• pepperlegalpepperlegal Posts: 2subscriber
    Allow me to be the contrarian.I ALWAYS advise my clients to draw up the business plan first, or at least have something very close to a plan.  If you don`t plan on starting the business before creating your business plan anyway, you really can only benefit by having the plan done first.  I typically find that through the business planning process, you may flush out a bunny rabbit or two that you hadn`t considered, which can help shape your decision regarding (a) the proper business formation, and (b) the nature of the agreement between the pair of you.
  • LauraLeeLauraLee Posts: 0subscriber
    I must agree with PepperLegal; a business plan should be
    done first to really hash out where you want to go with your business. 
    Once this is done, it will help you to decide what type of entity your business
    should be.  Depending on the nature of the business incorporating may or
    may not be important in the start up phases.

    As far as deductions go, your business expenses are deductible regardless of
    your business structure.  If you are operating as a sole proprietor you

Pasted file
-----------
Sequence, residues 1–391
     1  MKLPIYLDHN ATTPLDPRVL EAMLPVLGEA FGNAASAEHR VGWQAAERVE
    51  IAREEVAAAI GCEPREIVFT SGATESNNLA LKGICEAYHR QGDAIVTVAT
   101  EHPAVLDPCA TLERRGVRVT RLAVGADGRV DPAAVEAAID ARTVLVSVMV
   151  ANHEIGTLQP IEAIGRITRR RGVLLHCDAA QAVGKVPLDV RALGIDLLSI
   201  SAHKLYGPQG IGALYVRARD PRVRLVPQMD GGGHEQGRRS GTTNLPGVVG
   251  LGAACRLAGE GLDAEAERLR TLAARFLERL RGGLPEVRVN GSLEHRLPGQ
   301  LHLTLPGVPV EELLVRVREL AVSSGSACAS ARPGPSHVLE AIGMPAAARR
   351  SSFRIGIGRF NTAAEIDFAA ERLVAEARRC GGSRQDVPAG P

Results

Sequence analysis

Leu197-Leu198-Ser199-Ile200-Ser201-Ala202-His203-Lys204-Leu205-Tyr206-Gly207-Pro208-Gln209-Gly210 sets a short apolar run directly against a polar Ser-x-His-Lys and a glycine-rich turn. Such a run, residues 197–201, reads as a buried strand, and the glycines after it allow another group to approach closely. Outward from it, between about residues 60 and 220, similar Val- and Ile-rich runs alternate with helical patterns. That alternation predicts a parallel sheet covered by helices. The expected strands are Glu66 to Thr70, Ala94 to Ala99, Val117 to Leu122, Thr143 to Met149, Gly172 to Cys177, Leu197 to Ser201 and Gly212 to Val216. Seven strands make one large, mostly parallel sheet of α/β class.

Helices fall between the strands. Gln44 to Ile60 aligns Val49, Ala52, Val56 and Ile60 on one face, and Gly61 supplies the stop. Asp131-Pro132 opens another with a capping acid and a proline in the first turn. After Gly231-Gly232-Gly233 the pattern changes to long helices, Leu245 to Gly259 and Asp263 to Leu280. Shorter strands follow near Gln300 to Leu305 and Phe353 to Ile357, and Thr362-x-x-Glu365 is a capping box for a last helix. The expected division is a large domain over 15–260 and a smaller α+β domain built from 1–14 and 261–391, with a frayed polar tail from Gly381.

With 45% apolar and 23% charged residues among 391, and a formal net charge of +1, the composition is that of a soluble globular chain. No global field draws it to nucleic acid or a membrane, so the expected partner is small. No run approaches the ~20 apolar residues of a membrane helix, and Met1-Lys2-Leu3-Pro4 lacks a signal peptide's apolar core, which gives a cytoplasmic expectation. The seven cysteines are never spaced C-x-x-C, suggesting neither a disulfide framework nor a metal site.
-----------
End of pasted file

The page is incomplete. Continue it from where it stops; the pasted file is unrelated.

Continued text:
show income and deductions on a Schedule C  on your Individual Tax Return,
    regardless of whether or not you Itemize deductions on a Schedule A.

    Also, you can establish credit in your business name, while operating as a sole
    proprietor simply by filing the appropriate papers with your state, registering
    as a DBA and obtaining a Federal Identification Number (Form SS-4) from the
    IRS.  You do not need to be incorporated in order to do this. 

    It really is best to talk to a lawyer about your specific circumstances to
    determine what the best structure for your business is.  Having your
    business plan written will help them to give you the best advice

    HTH